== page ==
Many local government leaders across Minnesota are planning not to vote in March’s presidential primary, saying that indicating a party preference could jeopardize their nonpartisan status and open them to political attacks.
The state’s new presidential primary system requires that voters select a ballot assigned to a major party and sign a loyalty oath to that party. That information will go to the party chairs, with few if any restrictions on what they can do with it.
“It’s critical that I not get pigeonholed into one party or the other in order for me to do my job,” said Edina City Manager Scott Neal, who won’t be voting in the primary. “I need to be able to work with people of all political stripes at the local level.”
Minnesota’s first presidential primary in nearly 30 years is already generating concern among voters who want their party loyalties kept private.
But local elected and appointed officials face a quandary that is more than just personal.
City and county leaders are expected to refrain from political activities that could “undermine public confidence in professional administrators,” according to the code of ethics outlined by the International City and County Management Association.
For many local leaders, the new primary system is shaking their confidence.
Jay Stroebel, Brooklyn Park’s city manager, will abstain from voting in the primary, too. “I’d love to participate, but the way it’s set up, that confidentiality is lost,” he said.
It is not just local officials who are worried. Koochiching County Commissioner Wayne Skoe said he’s been trying to educate constituents on the primary process as he makes the rounds at coffee shops and restaurants, explaining that the major parties will get information on who voted in which party’s primary.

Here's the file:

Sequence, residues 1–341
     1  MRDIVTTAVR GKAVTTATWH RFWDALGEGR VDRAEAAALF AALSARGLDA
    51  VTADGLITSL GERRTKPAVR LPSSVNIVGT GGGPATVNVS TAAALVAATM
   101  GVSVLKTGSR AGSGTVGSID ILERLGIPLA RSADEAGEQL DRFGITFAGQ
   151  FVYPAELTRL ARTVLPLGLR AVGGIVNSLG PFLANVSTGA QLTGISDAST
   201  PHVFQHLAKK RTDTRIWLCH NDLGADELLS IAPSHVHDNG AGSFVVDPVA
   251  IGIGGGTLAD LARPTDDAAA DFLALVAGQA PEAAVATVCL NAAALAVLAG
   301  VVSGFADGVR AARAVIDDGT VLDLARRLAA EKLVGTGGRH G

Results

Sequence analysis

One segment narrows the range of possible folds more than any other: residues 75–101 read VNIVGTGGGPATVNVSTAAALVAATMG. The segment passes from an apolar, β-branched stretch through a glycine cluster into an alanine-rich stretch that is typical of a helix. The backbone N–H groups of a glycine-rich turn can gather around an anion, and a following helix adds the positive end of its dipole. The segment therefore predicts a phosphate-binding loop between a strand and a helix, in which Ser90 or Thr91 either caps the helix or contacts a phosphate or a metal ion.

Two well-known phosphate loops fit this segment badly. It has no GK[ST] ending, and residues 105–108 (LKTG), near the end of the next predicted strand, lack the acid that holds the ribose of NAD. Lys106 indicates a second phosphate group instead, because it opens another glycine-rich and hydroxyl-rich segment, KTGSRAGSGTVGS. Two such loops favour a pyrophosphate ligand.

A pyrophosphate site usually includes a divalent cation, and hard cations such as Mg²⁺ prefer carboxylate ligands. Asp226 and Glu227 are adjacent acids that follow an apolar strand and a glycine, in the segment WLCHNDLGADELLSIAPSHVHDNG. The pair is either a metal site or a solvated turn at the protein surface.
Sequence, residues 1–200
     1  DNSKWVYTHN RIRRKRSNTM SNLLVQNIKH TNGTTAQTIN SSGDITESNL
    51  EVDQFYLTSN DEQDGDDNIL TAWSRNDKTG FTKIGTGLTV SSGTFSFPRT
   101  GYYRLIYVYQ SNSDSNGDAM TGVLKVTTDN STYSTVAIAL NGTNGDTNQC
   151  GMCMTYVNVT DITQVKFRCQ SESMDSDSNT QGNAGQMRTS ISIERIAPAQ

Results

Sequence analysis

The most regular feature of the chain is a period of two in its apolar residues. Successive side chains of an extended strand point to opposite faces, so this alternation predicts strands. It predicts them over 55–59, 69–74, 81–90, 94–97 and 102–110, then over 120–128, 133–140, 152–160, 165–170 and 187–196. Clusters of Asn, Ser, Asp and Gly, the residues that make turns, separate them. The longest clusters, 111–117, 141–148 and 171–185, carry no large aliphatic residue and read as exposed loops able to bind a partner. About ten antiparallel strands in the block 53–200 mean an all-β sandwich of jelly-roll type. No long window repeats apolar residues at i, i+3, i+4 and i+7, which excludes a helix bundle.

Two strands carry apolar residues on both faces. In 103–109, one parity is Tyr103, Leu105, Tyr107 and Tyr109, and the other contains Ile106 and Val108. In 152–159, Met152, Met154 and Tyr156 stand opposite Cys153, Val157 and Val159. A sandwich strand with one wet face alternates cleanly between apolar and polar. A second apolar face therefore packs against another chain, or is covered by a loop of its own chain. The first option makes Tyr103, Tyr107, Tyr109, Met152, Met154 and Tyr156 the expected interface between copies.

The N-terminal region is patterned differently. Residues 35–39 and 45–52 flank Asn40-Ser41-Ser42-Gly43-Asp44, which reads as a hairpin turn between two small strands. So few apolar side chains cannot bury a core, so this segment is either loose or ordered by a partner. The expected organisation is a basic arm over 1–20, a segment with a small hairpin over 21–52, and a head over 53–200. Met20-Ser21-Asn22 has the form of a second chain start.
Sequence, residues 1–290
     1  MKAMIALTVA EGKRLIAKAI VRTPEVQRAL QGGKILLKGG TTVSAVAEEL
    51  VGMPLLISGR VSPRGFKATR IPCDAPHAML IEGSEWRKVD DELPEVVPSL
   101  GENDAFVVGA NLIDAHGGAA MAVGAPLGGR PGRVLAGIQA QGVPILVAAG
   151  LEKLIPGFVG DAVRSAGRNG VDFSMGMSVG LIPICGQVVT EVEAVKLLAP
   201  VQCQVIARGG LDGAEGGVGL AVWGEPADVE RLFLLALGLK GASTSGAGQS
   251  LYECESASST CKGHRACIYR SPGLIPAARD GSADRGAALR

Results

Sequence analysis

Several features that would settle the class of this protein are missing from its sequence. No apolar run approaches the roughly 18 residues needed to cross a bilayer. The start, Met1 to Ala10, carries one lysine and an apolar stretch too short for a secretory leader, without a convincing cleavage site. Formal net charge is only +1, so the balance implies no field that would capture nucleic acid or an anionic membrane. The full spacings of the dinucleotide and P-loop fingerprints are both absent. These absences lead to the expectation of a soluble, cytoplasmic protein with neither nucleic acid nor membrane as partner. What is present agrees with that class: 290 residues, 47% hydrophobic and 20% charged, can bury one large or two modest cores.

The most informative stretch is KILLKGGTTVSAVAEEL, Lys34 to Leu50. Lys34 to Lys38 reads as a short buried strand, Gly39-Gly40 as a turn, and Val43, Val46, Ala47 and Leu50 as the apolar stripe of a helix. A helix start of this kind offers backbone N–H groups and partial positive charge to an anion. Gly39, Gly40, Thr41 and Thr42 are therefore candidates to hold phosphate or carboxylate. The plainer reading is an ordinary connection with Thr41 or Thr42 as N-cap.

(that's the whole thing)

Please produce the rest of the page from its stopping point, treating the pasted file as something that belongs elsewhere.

“Pretty much everyone I’ve talked to said, ‘If that’s how it is, I’m not going to vote,’ ” Skoe said. “This just isn’t a good path to go down.”
Secretary of State Steve Simon, who oversees elections in the state, said that local officials will have to figure out how much of a risk they’re willing to tolerate by voting in the presidential primary.
“Someone’s political identity or preferred affiliation for this contest [won’t] automatically be out in the public realm,” Simon said. “But is there, under current law, a risk of that? Sure.”
Simon, a DFLer, said he wants to put more limits on what the parties can do with the ballot information. He persuaded legislators last year to limit those who would get the voting data to the chairs of the four major parties: Democrats, Republicans, the Legal Marijuana Now Party and the Grassroots-Legalize Cannabis Party. Voters this year will be able to choose between only the GOP and DFL ballots, since those are the only two parties with primary candidates.
“All we’re asking for is some reasonable guardrails, some restrictions, where none exist right now,” Simon said.
Under the new system, presidential primary voters must pledge they are “in general agreement” with party principles to receive a ballot. In states where voters must register with a party, they can mark their preference as independent or unaffiliated; that won’t be the case with the Minnesota primary.
Matthew Hilgart, director of government relations for the Association of Minnesota Counties, said the organization has been hearing concerns from county commissioners who are worried about where information about voter affiliation — including their own — might go.
“This is a new issue and concern,” Hilgart said. “What parties will do with the data is being hotly discussed among our members.”
The League of Minnesota Cities hasn’t taken an official position on the issue, said research manager Amber Eisenschenk. Municipal positions in Minnesota are generally nonpartisan, which isn’t the case in all states.
“City staff are expected to work on behalf of their entity and not on behalf of their party,” she said. “While people may be able to tell where a council falls on certain issues on the political ideological spectrum, there’s no letter after [a council member’s] name on the ballot.”
Chaska Mayor Mark Windschitl said he hadn’t yet decided whether he’ll vote in the primary, but he worries that his re-election campaign this year will be affected if his party affiliation is publicized. He said he hopes to keep polarized political rhetoric away from City Hall.
“The number one thing I can do on the City Council is keep Democratic and Republican things out of here,” he said.